We need a Mass renewal—a renewal of the masses and of the Mass! Of course, such a renewal can only be the work of the Holy Spirit, and so we must be fervent in prayer and penance. But the Lord never works apart from our intelligent participation, and this means he calls us to join him. So, what can we do as we pray?
We could learn more about the Mass, which would not only promote our participation in it but also help us explain it to those who seem a bit lost. There are some great resources from Ascension, such as A Biblical Walk through the Mass, Altaration: The Mystery of the Mass Revealed, and The Sacred that Surrounds Us.
What I propose to do in this series, however, is to try to recover the love at the heart of the Mass, the love of Christ and the love of the faithful communicant. I want us to see that the movements of the Mass are a journey into the depths of God’s self-communicating love and solicits from us a radical yet rational self-surrender. Yes, we will discover new insights about what’s going on and why. But, just as importantly, we will rediscover the motions of love that will help us make the most of the Mass. We’ll first look at what it means to worship and sacrifice. So stay tuned for more on this topic.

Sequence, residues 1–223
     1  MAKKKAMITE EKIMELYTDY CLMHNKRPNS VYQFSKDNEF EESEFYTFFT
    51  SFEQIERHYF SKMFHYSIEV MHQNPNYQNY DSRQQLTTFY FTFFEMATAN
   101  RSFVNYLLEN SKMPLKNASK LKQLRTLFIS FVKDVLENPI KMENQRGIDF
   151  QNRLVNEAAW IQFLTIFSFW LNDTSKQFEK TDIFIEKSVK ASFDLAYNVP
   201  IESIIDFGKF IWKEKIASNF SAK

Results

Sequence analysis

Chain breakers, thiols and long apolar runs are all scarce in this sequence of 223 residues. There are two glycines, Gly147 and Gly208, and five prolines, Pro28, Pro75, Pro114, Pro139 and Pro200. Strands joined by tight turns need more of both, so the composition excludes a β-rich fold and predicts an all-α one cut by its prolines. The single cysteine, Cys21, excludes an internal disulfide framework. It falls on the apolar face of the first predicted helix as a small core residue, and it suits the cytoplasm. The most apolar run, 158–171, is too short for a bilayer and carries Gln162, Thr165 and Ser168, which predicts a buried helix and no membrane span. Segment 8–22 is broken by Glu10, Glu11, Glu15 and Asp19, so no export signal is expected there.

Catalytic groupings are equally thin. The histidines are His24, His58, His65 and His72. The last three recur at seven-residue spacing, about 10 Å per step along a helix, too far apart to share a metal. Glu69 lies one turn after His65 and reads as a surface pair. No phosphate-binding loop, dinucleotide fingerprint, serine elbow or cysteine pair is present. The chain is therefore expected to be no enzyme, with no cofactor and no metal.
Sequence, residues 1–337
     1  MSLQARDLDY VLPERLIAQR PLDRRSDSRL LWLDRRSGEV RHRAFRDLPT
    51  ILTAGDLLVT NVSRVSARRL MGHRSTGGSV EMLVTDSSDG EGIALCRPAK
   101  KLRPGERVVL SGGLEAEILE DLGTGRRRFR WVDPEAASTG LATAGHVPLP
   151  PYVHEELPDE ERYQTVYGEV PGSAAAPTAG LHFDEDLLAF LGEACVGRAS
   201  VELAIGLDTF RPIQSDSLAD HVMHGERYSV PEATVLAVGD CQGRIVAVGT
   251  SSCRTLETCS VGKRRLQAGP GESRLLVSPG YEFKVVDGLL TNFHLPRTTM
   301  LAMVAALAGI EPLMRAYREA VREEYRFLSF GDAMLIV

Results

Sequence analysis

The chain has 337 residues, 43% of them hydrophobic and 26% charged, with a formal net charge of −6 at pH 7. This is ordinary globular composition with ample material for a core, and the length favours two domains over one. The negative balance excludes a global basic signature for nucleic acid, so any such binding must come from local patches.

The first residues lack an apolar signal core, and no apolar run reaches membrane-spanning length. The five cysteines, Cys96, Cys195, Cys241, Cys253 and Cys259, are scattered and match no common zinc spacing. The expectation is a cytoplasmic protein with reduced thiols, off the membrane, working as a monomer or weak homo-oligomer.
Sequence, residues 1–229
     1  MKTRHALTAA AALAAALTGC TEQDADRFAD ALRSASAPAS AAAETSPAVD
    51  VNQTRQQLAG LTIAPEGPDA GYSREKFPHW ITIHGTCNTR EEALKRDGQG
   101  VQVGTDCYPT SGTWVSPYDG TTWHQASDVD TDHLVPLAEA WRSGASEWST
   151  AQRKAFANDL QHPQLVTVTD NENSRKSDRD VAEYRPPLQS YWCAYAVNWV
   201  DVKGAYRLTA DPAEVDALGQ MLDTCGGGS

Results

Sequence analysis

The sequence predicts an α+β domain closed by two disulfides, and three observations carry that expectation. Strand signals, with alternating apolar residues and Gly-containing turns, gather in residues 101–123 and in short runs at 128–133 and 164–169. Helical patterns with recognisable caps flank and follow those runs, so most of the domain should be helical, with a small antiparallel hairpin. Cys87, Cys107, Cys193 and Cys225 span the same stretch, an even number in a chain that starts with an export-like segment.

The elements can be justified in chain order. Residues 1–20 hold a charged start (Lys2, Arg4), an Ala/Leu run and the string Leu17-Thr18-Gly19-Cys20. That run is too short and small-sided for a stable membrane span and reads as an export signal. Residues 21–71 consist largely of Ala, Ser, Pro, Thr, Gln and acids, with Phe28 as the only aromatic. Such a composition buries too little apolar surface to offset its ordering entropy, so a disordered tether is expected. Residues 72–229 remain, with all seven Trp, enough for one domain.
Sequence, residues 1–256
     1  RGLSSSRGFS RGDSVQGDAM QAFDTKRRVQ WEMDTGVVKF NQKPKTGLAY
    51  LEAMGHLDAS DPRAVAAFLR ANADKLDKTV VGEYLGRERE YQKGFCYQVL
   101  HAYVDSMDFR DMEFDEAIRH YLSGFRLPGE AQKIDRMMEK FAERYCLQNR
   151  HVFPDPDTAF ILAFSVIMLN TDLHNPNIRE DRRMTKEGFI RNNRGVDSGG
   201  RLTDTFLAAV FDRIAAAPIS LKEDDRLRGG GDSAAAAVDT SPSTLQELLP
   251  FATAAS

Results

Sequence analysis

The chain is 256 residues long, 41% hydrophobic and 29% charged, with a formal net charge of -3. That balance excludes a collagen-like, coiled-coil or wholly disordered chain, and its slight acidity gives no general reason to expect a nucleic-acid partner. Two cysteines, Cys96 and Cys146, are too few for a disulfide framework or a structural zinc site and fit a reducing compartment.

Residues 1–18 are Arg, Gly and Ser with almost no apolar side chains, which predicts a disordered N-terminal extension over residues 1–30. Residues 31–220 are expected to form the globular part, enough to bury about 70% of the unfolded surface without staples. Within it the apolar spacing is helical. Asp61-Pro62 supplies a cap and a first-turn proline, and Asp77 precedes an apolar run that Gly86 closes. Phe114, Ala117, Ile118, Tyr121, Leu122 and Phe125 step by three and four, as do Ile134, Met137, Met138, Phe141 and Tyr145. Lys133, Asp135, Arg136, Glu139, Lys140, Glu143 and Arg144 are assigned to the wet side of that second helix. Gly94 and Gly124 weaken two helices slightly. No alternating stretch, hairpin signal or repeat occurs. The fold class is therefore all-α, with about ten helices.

How can we move toward a greater love for God in the Eucharist? Let us know your thoughts in the comments at the bottom of the page.
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About Dr. James Merrick
Dr. James R. A. Merrick is lecturer at Franciscan University of Steubenville, theology and Latin teacher at St. Joseph’s Catholic Academy in Boalsburg, Pennsylvania, and on the faculty for the Diocese of Altoona-Johnstown’s Lay Ecclesial and Diaconal Formation program. Before entering the Church with his wife and five children, he was an Anglican priest and college theology professor in the United States and in the United Kingdom.